Gov. Beshear Calls For Statewide School Closures To Prevent Spread Of Coronavirus
Gov. Andy Beshear recommended closing all schools across the state – public and private – to prevent the spread of COVID-19. He’s asking schools to close Monday, and stay closed for at least two weeks.
"This is a big but necessary step," Beshear said at a press conference Thursday evening.
Beshear joins the governors of Ohio and Maryland in calling for statewide school closures. He said while early research on COVID-19 suggests the virus is not particularly dangerous to children, young people can still catch and transmit the virus to more vulnerable people, like the elderly and those with underlying health conditions.
"This is another critical step to take on social distancing, and what we are doing to protect the most vulnerable," he said.
Interim Education Commissioner Kevin Brown said he "strongly supports" the governor's recommendation. He encouraged districts to create Non-Traditional Instruction (NTI) plans, which allow districts to get up to 10 closures counted as instructional days. NTI plans lay out how schools continue to engage students in learning during closures, through online materials or paper packets sent home.
Jefferson County Public Schools Closing For Three Weeks
Following the recommendation of Gov. Beshear, Jefferson County Public Schools (JCPS) superintendent Marty Pollio said JCPS schools are closing for three weeks starting Monday.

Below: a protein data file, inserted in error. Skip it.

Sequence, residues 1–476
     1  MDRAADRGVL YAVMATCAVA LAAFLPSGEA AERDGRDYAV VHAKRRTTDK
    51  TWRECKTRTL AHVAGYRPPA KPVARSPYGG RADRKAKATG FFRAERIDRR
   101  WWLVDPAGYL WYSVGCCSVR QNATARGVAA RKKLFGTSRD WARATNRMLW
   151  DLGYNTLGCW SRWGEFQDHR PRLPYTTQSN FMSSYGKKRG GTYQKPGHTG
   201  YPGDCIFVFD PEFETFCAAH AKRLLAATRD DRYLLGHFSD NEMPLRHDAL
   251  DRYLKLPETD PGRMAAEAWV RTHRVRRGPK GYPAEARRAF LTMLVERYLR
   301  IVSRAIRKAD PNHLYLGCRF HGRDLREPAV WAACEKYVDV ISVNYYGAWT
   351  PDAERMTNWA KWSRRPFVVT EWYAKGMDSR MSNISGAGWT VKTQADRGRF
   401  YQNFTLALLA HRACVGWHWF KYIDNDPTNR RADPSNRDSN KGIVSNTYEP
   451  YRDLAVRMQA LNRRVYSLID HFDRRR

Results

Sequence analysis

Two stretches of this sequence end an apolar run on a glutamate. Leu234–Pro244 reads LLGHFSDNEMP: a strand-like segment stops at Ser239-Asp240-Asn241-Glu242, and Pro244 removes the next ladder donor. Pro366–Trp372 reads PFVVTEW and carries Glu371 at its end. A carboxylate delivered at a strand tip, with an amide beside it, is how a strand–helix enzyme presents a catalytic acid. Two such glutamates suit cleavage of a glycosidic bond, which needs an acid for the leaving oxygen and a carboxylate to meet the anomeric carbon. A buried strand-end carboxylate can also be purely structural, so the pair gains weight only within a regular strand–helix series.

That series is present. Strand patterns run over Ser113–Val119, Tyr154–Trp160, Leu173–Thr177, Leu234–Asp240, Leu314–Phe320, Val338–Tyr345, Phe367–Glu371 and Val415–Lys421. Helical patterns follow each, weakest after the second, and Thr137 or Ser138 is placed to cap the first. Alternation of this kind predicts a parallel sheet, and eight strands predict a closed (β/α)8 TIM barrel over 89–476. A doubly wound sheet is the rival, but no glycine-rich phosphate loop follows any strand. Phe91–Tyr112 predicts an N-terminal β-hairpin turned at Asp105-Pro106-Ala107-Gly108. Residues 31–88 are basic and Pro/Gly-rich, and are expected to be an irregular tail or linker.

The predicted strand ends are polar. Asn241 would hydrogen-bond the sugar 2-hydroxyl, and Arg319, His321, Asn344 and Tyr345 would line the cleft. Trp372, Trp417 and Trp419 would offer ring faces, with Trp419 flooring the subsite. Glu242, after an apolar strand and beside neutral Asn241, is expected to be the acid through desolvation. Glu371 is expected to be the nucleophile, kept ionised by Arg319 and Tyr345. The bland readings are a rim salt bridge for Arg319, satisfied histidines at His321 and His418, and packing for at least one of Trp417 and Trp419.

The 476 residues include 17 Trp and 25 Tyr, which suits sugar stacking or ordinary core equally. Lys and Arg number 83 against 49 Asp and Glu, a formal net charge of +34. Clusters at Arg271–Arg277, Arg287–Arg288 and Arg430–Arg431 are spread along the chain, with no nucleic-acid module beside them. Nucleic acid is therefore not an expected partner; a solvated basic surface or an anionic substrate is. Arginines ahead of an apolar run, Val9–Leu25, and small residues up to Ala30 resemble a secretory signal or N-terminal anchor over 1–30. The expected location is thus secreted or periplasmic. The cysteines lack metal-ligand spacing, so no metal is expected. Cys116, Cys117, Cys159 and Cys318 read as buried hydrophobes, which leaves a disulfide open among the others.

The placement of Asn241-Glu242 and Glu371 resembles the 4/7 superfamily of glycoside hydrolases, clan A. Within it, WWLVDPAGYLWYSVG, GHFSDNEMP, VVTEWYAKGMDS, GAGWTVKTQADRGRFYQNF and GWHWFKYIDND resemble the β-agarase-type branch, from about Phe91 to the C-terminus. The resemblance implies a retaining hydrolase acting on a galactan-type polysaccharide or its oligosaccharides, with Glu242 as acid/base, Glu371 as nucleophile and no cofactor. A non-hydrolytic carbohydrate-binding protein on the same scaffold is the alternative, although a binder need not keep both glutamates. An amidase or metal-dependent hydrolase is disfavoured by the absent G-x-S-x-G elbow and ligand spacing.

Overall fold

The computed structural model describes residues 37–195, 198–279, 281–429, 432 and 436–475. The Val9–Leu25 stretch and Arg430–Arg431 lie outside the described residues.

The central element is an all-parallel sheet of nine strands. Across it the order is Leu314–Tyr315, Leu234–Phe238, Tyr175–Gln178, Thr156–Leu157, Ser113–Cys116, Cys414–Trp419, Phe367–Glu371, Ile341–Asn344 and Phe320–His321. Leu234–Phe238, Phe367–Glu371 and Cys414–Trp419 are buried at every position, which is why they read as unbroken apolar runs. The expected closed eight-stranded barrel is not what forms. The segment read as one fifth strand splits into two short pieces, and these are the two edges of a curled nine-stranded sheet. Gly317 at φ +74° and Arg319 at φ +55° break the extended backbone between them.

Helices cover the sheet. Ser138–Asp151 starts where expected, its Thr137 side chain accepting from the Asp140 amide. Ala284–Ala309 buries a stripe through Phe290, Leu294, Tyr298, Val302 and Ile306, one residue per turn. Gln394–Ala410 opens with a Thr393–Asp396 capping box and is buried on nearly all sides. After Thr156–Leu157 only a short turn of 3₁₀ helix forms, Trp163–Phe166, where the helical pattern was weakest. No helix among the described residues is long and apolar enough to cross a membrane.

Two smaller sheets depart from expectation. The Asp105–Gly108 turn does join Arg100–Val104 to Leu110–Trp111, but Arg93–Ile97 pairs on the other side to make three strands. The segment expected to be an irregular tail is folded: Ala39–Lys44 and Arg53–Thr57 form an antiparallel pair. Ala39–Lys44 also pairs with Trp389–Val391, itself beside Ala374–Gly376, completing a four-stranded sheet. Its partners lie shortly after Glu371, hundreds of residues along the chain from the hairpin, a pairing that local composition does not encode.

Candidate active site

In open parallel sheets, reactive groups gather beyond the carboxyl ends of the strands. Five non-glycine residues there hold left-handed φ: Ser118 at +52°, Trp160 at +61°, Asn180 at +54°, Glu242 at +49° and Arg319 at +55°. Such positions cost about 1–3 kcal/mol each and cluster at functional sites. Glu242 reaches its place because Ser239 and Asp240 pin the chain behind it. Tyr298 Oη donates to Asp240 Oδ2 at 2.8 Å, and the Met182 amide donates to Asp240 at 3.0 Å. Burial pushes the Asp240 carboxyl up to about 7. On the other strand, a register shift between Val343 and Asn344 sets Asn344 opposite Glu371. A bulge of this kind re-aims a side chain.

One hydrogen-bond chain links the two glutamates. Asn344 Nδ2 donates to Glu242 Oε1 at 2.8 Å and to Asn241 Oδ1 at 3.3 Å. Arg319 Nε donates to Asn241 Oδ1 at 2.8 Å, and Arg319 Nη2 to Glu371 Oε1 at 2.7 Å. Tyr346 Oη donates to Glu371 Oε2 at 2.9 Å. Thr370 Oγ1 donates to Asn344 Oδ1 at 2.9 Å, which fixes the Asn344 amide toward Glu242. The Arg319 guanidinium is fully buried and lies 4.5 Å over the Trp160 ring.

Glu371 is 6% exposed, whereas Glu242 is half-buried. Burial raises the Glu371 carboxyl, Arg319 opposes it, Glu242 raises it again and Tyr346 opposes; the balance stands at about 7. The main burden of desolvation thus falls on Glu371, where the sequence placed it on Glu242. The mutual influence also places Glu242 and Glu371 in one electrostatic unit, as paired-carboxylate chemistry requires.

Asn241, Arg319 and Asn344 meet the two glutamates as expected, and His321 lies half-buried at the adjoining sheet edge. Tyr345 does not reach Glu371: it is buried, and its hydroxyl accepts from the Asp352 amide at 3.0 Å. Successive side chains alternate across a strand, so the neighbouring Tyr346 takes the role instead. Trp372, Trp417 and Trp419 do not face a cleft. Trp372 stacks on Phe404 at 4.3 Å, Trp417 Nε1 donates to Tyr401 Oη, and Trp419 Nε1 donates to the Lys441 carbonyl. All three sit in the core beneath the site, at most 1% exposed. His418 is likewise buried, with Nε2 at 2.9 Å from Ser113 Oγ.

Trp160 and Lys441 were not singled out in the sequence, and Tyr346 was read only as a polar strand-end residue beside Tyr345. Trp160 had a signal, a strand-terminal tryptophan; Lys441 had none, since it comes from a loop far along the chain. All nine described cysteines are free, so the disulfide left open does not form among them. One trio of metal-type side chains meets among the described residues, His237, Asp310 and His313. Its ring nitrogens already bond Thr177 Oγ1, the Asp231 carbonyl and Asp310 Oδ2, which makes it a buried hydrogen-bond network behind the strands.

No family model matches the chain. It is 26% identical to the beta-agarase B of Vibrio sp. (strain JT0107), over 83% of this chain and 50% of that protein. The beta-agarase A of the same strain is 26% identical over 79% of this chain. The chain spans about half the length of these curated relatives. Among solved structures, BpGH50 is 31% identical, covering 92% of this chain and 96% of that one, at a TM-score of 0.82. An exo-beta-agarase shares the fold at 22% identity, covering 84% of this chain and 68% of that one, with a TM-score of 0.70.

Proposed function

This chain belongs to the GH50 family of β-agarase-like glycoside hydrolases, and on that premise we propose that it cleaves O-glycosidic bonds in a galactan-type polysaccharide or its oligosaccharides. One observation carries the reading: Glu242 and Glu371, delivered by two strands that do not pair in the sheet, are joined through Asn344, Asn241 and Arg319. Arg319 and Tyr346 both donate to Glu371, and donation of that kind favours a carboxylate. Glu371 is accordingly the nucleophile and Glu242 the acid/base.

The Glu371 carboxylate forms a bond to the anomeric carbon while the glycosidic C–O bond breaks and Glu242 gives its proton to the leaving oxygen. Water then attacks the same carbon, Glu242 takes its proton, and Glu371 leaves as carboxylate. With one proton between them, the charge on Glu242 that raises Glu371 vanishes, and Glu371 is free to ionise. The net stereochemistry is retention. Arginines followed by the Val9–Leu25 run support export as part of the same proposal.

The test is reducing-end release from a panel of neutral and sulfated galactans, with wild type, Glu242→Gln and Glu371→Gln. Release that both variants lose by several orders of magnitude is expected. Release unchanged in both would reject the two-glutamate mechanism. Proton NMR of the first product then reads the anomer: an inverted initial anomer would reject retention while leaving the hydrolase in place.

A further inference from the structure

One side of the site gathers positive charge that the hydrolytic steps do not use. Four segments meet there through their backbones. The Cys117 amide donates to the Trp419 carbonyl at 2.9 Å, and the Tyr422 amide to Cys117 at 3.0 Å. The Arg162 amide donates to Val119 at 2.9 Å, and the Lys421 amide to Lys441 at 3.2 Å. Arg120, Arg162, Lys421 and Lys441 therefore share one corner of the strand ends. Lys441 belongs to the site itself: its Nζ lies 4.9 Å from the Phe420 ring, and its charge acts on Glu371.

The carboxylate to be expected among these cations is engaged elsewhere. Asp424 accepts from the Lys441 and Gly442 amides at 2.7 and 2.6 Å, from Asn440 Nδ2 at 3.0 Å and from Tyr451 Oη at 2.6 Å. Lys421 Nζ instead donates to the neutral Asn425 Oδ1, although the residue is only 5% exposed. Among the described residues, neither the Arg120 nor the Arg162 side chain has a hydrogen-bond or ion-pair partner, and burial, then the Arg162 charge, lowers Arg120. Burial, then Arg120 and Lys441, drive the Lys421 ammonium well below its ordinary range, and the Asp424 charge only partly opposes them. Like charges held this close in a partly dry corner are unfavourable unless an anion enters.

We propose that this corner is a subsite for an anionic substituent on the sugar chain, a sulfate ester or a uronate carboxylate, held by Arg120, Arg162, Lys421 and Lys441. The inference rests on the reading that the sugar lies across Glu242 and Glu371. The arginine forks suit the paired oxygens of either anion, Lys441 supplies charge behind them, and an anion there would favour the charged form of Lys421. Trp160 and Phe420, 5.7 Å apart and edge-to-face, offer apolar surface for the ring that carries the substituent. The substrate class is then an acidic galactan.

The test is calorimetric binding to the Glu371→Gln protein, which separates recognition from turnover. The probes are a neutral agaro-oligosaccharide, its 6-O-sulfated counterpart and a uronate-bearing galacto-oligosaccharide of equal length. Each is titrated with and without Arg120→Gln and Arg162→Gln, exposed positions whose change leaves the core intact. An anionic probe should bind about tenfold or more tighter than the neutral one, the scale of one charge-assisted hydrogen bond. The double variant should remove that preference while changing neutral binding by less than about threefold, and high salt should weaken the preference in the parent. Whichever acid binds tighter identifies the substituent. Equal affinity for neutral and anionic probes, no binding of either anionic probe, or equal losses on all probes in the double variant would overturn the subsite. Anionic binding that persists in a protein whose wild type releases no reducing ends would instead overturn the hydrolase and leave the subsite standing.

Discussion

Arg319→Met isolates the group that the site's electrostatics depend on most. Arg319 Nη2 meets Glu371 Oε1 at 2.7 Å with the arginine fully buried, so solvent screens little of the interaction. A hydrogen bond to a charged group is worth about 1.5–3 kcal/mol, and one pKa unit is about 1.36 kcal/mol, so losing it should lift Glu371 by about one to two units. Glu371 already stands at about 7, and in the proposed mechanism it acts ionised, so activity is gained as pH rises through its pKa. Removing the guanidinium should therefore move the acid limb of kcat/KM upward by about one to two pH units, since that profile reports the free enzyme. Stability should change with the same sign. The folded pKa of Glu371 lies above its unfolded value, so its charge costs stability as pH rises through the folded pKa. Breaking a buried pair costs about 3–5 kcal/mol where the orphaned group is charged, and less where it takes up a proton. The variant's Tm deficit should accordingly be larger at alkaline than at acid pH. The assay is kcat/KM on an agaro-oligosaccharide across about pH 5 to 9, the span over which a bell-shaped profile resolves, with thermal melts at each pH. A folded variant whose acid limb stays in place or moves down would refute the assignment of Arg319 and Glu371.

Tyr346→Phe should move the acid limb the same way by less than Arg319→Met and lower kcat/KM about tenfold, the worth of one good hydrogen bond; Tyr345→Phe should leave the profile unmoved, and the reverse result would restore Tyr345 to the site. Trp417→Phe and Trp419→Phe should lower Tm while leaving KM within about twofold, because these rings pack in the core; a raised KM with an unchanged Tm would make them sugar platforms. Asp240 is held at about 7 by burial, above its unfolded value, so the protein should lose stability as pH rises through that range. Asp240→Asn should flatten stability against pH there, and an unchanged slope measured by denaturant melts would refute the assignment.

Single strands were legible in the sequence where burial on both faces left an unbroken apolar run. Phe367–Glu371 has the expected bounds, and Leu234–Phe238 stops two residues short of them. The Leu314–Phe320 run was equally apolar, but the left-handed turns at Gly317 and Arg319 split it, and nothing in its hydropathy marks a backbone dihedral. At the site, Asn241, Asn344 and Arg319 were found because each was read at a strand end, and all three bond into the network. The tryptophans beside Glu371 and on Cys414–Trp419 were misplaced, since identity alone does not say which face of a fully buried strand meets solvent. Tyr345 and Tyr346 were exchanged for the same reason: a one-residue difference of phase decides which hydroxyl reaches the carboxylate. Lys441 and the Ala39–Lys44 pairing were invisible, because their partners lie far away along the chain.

"We know how challenging it can be for families when they don’t have access to school and the services that they provide on top of instruction," Pollio said during a press conference Thursday. "But...the most important thing for us is ensuring safety and the health of students, and that’s why we want to make sure that we do the right thing."
Pollio said schools will be closed from Monday, Mar. 16, through Sunday Apr. 5 — essentially extending the normal one-week Spring Break into three weeks. Pollio warned the closure could continue longer, however, if the virus continues to pose a threat.
"What we're really concerned about...is how long this could go," he said. "What we don't want to do is have students in school into late June and early July — not having graduations, not knowing when the end of school is."
He said districts need "help from lawmakers" to waive days lost due to the closure. Lawmakers are already considering such a proposal.
Students will get "supplemental educational materials" to take home Friday. Pollio said those will be available online and in paper form for students who don't have computer or web access.
Teachers and staff will operate on the "inclement weather schedule," normally used during snow days.
Nearly two-thirds of JCPS's 100,000 students rely on federally subsidized meals at school. Pollio said the district wants to make sure those students are still fed. JCPS is serving lunch for students from 10 a.m. to 1 p.m. each weekday at 45 sites across the district, including 8 mobile sites. You can find the full list of sites here. Service will be walk-up or drive-through.
State and district officials acknowledge that finding childcare will be a challenge for families.
"Please be compassionate to the childcare needs of families right now," Louisville Metro Public Health director Sarah Moyer urged the public.
Louisville Mayor Greg Fischer said the city's community centers, libraries and the zoo are still open, "for the time being." He warned that could change.